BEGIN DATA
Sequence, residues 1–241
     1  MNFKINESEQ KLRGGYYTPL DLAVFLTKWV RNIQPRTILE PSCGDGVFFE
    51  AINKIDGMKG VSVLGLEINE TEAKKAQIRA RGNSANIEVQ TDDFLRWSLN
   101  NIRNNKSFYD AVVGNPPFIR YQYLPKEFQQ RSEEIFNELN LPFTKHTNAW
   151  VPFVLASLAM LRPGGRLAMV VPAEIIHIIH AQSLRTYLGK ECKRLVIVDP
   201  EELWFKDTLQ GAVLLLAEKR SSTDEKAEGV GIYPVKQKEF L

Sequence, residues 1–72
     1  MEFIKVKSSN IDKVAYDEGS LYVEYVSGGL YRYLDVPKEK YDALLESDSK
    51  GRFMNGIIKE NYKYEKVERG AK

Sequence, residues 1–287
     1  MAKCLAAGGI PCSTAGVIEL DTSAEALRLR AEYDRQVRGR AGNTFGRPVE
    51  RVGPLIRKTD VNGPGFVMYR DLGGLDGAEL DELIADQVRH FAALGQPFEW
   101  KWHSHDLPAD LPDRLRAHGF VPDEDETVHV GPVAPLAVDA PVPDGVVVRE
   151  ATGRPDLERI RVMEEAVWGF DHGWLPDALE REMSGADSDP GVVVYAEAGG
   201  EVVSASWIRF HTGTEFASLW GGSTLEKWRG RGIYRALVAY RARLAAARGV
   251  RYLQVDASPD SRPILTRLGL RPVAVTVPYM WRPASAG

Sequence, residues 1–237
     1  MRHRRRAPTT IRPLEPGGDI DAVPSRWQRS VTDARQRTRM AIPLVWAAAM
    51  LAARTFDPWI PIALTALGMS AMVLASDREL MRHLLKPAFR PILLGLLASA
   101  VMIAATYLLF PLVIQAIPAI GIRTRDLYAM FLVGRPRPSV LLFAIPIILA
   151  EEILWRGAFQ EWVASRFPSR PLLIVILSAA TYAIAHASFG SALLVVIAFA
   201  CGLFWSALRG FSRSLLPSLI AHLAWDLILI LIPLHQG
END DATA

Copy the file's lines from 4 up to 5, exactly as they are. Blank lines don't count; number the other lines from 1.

   101  NIRNNKSFYD AVVGNPPFIR YQYLPKEFQQ RSEEIFNELN LPFTKHTNAW
   151  VPFVLASLAM LRPGGRLAMV VPAEIIHIIH AQSLRTYLGK ECKRLVIVDP